And what about this? The double rainbow. You often get a bright conventional rainbow, with a paler inverted colour rainbow and a very dark section of sky between them. Why would this occur? This, if you were lost out in the wilderness could give you an excellent clue as to a significant land mark as these can only occur where there is a large and still body of water such as a lake, or calm sea.

All the science aside. Who does not love a rainbow? It seems to be a universal human truth that we see them and stare in awe. They are special and exciting and rare. So during our lockdown time, I am trying to view all this family time in a similar way: special, exciting and rare.

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“Swallows and Amazons” learning day

Living under lock down conditions is really hard for me. I hate being in the house under normal conditions and if I am in the house past 9:30am, I am most likely ill. I have always felt my mental health improve just for a drive to a new location and a long walk. I am energised by people. I am a social person and love the company of anyone. So, my usual bag of mental health tools are now totally useless and I am having to create new ones rapidly.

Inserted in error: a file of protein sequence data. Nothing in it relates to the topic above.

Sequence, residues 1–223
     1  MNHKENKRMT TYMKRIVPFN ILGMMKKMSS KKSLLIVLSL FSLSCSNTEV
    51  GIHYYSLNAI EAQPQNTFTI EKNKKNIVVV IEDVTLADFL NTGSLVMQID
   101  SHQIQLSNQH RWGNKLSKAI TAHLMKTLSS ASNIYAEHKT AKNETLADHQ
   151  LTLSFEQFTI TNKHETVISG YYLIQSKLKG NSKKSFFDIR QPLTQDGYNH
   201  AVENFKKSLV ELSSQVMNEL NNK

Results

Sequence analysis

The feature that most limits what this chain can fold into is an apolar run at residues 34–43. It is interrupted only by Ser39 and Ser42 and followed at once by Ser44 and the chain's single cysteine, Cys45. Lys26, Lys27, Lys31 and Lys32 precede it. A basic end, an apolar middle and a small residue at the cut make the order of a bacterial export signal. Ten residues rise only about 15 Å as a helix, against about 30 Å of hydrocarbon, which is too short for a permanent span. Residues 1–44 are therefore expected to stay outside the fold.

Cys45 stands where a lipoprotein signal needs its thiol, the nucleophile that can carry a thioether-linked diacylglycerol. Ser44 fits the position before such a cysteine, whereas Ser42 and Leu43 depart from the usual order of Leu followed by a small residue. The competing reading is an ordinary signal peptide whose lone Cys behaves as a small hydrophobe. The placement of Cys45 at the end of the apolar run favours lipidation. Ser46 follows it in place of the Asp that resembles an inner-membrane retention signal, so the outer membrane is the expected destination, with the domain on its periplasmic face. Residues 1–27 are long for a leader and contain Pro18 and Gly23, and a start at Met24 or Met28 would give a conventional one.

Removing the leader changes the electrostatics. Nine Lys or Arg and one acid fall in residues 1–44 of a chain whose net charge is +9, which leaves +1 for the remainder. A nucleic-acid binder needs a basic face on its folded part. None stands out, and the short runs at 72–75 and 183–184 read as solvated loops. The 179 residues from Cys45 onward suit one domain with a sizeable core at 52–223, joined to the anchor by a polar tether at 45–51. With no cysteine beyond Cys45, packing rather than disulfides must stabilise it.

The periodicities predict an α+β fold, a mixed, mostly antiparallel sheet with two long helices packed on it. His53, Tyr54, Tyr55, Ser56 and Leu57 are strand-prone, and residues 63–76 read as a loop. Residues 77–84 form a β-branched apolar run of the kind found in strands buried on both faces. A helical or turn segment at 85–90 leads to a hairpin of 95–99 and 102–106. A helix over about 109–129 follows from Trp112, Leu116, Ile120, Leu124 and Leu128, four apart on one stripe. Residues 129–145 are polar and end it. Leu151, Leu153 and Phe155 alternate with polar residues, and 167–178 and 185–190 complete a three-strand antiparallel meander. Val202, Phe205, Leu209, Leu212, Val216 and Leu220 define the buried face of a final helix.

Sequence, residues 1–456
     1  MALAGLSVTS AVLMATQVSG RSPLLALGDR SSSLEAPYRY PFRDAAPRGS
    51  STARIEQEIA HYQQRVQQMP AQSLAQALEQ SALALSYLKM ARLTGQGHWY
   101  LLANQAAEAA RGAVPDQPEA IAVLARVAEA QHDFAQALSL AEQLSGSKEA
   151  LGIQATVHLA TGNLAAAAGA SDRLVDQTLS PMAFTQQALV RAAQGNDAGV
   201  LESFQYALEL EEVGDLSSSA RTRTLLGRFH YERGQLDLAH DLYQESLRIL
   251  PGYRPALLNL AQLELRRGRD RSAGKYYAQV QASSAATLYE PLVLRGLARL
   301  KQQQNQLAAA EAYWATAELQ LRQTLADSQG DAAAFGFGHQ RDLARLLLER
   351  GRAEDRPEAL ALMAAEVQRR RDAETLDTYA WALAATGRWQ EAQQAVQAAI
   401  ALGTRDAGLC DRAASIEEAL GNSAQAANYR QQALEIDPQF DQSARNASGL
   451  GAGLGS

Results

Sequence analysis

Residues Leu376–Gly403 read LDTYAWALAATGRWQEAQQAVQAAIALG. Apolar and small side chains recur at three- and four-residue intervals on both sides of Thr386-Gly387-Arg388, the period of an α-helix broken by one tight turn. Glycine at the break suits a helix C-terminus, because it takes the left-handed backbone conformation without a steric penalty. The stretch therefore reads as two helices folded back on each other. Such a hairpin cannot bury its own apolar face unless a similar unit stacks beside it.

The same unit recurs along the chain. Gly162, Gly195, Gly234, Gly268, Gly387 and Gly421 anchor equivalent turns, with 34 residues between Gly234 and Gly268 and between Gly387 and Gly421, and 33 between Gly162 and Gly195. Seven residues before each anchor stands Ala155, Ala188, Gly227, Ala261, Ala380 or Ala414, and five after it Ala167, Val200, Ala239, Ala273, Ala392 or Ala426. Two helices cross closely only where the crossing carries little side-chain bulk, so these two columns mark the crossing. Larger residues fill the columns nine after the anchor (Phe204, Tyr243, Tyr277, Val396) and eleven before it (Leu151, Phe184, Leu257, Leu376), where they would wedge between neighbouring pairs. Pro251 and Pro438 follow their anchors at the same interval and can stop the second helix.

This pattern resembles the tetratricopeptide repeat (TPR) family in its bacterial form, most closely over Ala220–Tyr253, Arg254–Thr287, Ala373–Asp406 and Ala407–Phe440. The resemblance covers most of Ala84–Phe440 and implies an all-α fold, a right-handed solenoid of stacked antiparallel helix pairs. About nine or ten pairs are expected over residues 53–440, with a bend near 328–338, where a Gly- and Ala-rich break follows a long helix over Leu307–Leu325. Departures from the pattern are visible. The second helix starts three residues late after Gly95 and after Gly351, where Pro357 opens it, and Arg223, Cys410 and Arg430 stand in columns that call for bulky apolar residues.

Other ideas: I am better with a project/ focus. But, I am very impatient. Learning a new language or instrument, are not instant enough for me. I find it difficult to see progress and wallow in the parts I am failing at. I think my kids/ most kids are the same.

This week I have asked my two boys to come up with 5 themes for each day, and I would devise activities around the theme. Luckily, because I am a big hoarder, we have a lots of kit and materials in the house, so you may not be able to do some of them, but on the whole I am trying to use basic household materials so that others may be able to do them too.

Yesterday was “Swallows and Amazons.” We watched the film recently, and for a few days after, I would come down to breakfast to see them watching it again and again. I think they liked the idea of escaping from their parents. I think they also liked the “battle” element between the two groups.

I remembered in my childhood using a used tea bag to make paper look old, and then burning sections with a lighter. We did this out on the balcony with a damp cloth and the boys delighted in making a map of the house. They enjoyed using this to hide Daddy’s birthday presents and making him find them using the map.